Sweetwater law allowed city to take possession of towed vehicles

 

bmedina@elnuevoherald.com

Several drivers whose cars were towed after arrests in Sweetwater say they were never able to recover their vehicles, some of which wound up as city property.

One driver who was arrested by Sweetwater Police in December 2011 sued the city last week for the “wrongful deprivation” of his blue Volkswagen, later sold off by Southland The Towing Company.

“The City permitted, tolerated and caused a custom, policy or practice to conduct unreasonable and illegal detention and seizures and disposal of property against the citizens,” according to the federal lawsuit filed on behalf of Abraham Herbas. “Police officers [believed] they would not be investigated or sanctioned, but instead would be tolerated.”

Another man arrested on charges of stealing cellphones and forgery said a Sweetwater police officer drove him to his home and called a tow truck after spotting his Dodge Ram parked out front. The man was deported to Colombia after serving two years in prison on the charges. His truck became city property.

The complaints about the towing practices in Sweetwater come during a federal criminal probe of the questionable connections between city officials and Southland, which operated under a no-bid, verbal agreement until February. Several sources have said that the FBI is investigating whether officers or other officials received kickbacks in exchange for directing business to Southland.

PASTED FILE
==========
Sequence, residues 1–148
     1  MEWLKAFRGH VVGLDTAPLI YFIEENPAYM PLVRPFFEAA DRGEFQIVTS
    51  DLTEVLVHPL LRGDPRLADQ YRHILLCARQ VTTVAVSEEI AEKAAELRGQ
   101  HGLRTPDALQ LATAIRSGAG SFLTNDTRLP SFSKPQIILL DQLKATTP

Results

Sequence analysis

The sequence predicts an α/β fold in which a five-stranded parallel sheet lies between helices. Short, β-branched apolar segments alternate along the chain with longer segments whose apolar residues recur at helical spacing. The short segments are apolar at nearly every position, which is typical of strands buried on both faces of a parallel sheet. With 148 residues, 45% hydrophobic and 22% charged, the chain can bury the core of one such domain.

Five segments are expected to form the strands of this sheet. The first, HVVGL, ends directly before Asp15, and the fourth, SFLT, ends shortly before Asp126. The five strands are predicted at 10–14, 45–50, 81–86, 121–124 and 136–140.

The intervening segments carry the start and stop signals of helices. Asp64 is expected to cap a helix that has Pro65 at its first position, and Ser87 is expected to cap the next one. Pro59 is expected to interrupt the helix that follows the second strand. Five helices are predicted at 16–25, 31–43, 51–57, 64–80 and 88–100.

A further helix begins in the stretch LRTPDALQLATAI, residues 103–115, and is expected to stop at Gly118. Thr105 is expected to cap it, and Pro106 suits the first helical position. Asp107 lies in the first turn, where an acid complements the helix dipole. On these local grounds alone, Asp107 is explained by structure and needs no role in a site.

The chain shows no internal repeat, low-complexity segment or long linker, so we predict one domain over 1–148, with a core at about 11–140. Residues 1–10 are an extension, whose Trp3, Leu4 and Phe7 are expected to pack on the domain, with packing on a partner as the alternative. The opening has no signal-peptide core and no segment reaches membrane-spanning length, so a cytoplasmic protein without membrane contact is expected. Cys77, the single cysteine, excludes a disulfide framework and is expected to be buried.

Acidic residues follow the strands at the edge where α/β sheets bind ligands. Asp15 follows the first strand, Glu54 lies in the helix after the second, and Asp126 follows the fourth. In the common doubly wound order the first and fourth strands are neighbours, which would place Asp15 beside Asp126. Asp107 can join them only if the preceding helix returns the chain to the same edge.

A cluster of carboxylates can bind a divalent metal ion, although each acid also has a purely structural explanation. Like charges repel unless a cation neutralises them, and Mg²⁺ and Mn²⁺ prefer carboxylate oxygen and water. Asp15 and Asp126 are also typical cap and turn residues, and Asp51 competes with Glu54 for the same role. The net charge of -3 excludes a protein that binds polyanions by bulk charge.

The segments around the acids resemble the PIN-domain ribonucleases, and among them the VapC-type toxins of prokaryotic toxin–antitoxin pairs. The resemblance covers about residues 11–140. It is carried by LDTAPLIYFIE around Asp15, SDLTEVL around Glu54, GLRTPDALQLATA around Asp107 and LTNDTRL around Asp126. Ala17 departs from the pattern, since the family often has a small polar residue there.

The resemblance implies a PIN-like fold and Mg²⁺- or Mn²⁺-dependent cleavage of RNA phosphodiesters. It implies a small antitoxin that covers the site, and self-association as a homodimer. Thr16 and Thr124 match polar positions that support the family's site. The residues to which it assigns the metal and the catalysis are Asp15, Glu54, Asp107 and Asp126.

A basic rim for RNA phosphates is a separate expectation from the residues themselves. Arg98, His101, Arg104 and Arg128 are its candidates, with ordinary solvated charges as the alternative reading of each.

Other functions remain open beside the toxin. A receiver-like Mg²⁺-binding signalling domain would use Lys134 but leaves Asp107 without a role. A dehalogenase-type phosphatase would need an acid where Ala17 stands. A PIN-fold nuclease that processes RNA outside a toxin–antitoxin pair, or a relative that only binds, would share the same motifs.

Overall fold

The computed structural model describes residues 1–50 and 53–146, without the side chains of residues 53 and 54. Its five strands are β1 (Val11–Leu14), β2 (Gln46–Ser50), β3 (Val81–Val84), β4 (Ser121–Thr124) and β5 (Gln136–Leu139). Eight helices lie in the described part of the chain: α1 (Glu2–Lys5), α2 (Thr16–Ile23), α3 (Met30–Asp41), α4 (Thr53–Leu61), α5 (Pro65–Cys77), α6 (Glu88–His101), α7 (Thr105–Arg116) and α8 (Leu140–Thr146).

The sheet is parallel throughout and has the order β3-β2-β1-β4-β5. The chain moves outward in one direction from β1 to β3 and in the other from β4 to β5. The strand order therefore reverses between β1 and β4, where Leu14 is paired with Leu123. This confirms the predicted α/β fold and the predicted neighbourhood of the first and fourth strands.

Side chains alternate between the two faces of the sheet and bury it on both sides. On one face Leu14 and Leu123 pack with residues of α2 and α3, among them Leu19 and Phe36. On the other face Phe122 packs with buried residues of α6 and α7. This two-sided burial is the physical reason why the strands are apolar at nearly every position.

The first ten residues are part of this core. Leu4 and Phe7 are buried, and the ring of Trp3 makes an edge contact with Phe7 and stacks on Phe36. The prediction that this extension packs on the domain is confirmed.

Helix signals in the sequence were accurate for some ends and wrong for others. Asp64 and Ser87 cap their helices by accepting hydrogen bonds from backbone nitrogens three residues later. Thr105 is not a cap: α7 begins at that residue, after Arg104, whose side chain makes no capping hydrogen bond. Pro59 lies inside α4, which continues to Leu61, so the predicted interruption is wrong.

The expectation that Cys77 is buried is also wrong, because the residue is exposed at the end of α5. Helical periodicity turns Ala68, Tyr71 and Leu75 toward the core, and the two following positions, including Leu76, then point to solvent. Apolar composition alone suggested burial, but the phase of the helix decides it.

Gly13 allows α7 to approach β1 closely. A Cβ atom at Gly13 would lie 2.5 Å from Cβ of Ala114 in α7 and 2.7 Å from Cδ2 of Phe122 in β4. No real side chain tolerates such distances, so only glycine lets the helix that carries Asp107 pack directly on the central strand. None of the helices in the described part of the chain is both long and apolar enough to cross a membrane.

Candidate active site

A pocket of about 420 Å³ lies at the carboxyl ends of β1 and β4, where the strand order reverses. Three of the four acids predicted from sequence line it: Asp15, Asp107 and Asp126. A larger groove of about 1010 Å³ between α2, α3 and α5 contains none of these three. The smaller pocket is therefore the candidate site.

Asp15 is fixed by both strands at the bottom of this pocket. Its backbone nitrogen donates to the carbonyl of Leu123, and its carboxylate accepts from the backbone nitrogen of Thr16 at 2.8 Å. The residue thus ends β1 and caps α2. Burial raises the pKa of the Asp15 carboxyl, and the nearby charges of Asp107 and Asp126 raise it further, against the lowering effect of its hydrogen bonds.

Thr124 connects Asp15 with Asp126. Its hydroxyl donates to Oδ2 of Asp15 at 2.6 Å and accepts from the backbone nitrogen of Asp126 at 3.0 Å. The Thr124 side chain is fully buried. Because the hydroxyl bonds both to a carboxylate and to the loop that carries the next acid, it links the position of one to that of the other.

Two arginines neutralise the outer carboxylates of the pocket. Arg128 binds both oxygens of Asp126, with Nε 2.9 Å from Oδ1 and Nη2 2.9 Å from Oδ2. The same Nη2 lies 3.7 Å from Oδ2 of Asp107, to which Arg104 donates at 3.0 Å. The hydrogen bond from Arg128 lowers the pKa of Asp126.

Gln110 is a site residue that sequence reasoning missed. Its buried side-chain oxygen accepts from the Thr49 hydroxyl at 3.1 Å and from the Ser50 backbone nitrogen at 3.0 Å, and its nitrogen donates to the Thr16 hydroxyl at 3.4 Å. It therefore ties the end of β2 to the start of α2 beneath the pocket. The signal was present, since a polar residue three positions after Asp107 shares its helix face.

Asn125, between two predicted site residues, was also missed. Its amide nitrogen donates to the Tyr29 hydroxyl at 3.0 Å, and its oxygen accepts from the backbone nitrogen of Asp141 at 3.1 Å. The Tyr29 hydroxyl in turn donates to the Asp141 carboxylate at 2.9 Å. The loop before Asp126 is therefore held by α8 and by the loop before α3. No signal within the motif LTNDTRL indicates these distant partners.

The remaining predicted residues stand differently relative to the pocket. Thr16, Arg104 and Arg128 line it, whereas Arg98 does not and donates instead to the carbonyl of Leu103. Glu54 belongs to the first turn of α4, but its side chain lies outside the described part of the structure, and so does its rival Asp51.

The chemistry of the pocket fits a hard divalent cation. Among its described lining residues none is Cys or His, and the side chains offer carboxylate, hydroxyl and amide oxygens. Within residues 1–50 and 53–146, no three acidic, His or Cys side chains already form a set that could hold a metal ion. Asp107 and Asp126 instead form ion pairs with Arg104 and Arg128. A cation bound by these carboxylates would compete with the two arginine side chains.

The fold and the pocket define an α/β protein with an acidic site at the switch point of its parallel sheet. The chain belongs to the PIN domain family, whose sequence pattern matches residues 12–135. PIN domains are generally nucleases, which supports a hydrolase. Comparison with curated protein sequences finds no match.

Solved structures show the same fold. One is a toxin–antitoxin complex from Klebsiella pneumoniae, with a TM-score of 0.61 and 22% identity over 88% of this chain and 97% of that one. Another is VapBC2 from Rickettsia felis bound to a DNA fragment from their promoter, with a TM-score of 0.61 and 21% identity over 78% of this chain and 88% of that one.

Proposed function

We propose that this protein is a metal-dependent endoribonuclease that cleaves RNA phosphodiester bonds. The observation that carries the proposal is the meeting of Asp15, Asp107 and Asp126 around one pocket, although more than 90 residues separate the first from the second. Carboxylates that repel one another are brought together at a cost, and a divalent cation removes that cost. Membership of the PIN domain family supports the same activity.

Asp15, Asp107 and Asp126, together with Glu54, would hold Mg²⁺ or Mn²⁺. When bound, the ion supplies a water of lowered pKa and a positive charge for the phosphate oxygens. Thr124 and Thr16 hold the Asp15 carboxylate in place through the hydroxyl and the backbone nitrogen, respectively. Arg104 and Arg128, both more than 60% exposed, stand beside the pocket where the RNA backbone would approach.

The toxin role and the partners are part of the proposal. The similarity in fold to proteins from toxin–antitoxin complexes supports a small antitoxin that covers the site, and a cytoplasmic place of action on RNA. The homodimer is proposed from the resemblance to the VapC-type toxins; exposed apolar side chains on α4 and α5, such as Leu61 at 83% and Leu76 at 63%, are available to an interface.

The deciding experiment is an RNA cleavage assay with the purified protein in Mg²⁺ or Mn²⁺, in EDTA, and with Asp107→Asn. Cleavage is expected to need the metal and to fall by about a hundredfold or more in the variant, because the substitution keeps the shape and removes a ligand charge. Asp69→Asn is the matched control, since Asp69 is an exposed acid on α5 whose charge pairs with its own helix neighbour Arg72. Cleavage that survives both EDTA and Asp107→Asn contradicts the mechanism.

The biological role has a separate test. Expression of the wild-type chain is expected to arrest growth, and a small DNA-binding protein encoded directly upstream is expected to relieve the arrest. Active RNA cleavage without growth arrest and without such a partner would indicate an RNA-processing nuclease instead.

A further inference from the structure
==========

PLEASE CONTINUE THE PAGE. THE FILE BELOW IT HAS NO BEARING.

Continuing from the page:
Federal agents also are contacting individuals whose vehicles were towed after arrests in Sweetwater.

Former Mayor Manny Maroño, arrested in a separate federal corruption case in August, appeared on state records as an owner of the company until 2009, although he continued to represent the business until at least 2010.

El Nuevo Herald and CBS4 have been investigating Southland and its connections in Sweetwater for months.

It’s unclear how many drivers have lost their vehicles after being arrested in Sweetwater, or how many wound up as city property. The city official who oversees the city’s fleet, Guillermo Chez, didn’t return messages on Thursday.

Prior to becoming a city employee in April 2012, Chez worked for Southland as well as other towing businesses that belonged to Maroño. His wife, Anny Chez, is the city’s finance director.

City Attorney Ralph Ventura, who is also an attorney for Southland, said that he was unfamiliar with the city’s forfeiture process and that he didn’t know about the lawsuits against the city.

Sweetwater Police officials said attorney Alejandro De Varona has represented the city in forfeiture cases. De Varona said on Thursday he could not speak about those cases, citing attorney-client privilege.

Sonia Parodi, arrested in September 2011 on charges of dealing in stolen property, filed a class-action lawsuit against the city after her charges were dropped, alleging that Sweetwater’s administrative fine of $500 for recovering towed vehicles is unconstitutional. Parodi also had to pay another $383 to Southland in transportation and storage fees.